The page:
You're engaged! Now what? Coming up with your guest list is one of the first things you should do in your wedding planning process. Negotiating who to invite to your nuptials is sadly not quite as fun as tasting cake flavors. In fact, it's probably no one's idea of a good time. To help you select who will join you on your big day, we've put together this guilt-free guide to guest list etiquette.
Set family expectations (and boundaries) before accepting help.
We're not going to tiptoe around the truth. Creating a wedding guest list can get quite complicated. And that doubles if one or both set of parents are contributing from a financial or planning perspective. We recommend having an open conversation with all parties involved about everyone's expectations before accepting financial help. This way there are no surprises.
Start with a big list that you can trim.
With that being said, start with immediate family and close friends, then move on to the rest of the potential invitees in order of importance (sounds harsh but it's the best way to keep organized). It's also a good idea to start with your dream list by writing down the names of everyone you could ever imagine if budget or venue weren't a factor. Once you start trimming, you may realize you have some room for that funny third cousin you met last Thanksgiving and you'll be happy she made it to your original list.
Avoid stress later by being conservative at first.
You should be realistic about the number of guests you can invite in order to avoid stress later on. It's definitely not the most glamorous part of wedding planning, but numbers are unavoidable. Your budget and venue size will be the biggest determinants of your guest list size. One additional person doesn't just add the price of that person's entree, but also adds one more person to the bar, a favor, a chair rental, glassware rentals, etc. It's safer to be conservative about your initial invite list.
Make rules and stick to them.
Okay. Now to the trimming. The easiest way is to come up with a set of rules before you start cutting people, and then actually stick to those rules. This is the easiest (and fairest) way, rather than discussing each potential guest with arbitrary thoughts. It'll help you avoid drama later on. Here are some examples of common rules:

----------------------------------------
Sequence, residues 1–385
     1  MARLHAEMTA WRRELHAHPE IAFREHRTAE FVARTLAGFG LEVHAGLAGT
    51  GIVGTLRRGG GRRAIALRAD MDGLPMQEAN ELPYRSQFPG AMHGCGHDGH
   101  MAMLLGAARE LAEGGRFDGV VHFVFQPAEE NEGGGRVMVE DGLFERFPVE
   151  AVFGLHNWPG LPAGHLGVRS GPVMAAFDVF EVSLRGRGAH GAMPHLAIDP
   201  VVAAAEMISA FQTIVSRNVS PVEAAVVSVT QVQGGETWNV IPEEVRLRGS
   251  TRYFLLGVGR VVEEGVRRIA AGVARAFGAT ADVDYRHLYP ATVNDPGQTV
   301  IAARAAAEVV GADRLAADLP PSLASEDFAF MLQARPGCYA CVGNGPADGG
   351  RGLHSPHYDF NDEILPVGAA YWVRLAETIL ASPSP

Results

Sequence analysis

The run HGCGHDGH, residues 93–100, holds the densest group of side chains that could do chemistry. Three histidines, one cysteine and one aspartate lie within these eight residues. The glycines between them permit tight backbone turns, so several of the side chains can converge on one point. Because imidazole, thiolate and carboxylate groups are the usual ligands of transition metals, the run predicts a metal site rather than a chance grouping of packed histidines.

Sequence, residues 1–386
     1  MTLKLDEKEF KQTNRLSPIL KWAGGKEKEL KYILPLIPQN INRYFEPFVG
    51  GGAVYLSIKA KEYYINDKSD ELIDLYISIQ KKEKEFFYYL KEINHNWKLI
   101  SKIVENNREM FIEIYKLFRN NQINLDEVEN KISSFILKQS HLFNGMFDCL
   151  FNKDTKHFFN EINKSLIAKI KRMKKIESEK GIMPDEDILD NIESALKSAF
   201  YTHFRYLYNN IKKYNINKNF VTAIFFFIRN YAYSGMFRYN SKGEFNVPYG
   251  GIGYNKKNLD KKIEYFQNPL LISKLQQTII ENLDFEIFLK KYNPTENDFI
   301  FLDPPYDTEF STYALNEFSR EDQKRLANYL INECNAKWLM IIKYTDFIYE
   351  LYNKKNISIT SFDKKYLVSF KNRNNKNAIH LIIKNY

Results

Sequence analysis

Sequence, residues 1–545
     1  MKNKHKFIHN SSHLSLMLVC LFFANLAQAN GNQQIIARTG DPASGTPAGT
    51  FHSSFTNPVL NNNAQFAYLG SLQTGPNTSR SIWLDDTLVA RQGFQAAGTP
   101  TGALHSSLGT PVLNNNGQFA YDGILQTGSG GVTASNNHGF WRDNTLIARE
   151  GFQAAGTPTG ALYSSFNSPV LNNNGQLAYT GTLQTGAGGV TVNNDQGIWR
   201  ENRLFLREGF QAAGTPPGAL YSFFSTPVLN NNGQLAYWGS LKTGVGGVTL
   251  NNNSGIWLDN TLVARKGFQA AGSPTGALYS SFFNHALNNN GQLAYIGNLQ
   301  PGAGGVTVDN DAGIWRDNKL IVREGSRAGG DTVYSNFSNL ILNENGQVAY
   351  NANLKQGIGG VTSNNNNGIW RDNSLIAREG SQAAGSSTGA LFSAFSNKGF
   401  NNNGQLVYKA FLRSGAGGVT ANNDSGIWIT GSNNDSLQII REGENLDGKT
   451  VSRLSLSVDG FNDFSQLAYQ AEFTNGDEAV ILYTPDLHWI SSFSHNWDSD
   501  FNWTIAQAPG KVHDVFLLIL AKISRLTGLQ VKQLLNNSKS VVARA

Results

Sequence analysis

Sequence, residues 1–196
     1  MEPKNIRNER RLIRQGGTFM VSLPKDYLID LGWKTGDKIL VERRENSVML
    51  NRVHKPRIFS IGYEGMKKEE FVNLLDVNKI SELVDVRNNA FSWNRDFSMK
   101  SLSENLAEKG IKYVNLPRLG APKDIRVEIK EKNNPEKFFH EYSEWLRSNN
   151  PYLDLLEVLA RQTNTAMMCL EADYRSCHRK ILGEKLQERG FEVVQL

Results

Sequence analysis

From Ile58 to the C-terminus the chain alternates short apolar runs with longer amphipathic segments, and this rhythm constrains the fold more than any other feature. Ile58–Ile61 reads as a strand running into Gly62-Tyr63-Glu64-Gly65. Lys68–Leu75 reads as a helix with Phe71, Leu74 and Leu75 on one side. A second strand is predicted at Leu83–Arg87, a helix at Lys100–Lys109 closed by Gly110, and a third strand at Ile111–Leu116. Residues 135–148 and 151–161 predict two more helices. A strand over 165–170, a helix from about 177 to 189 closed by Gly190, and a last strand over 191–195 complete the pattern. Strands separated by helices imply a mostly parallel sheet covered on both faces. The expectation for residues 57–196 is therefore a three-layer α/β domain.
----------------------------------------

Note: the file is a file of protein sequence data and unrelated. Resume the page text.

Rule 1. If you haven't spoke in 3 years, don't invite them.
Rule 2. No children. You don't have to feel bad about having an adults-only wedding. However, be sure to set an age clarifying if teens are included or not.
Rule 3. If you're inviting them out of guilt (maybe because a lot of mutual friends are invited or they invited you to their wedding), don't invite them. Just be sure to alert those mutual friends about your restriction, so they don't go on and on about your wedding in a place where it might create an awkward moment.
Let's talk about friends-- specifically childhood friends. You may have exchanged friendship bracelets in elementary school, but that doesn't mean they automatically get an invite to your wedding. Ask yourself if you will see yourself having dinner with them in the next year. If that's a definite yes, then go ahead and send them an invite.
What about family? The best advice we can give is to treat each family unit according to the closeness (and the reality) of those family ties. A groom may have grown up next door to and has monthly dinners with his first cousins, while a bride may not even remember the name of her first cousins. There's no need to treat both side of the aisle the same if they're not.
Coworkers can be a bit tricky. A good rule of thumb is to either invite everyone one in a department or none at all. An exception would be someone you see outside of the office in social settings. This would make that colleague your friend, not just someone you order lunch with.
Even trickier than your coworkers, however, is your boss. This largely depends on your relationship with him or her and the office environment. If you are having an intimate wedding in a different city, your boss will likely not be offended for not making the guest list. If you work in a smaller organization and it might reflect poorly on you for not inviting the boss, it's not only polite but also smart politics to invite your manager.
Lastly, the dreaded plus-ones. No one wants to be that single person who doesn't know anyone at a wedding, but at the same time, this is a special day that you are choosing to share with the people you love rather than a bunch of strangers (not to mention the additional cost of one person that we mentioned earlier). Etiquette says that fiancées must be invited. Other than that, most couples make one of their rules to include significant others that have been in long-term relationships. Be prepared to upset some people, but if you have a clearly identifiable rule, it will be easier to communicate this with your guests when the bring it up.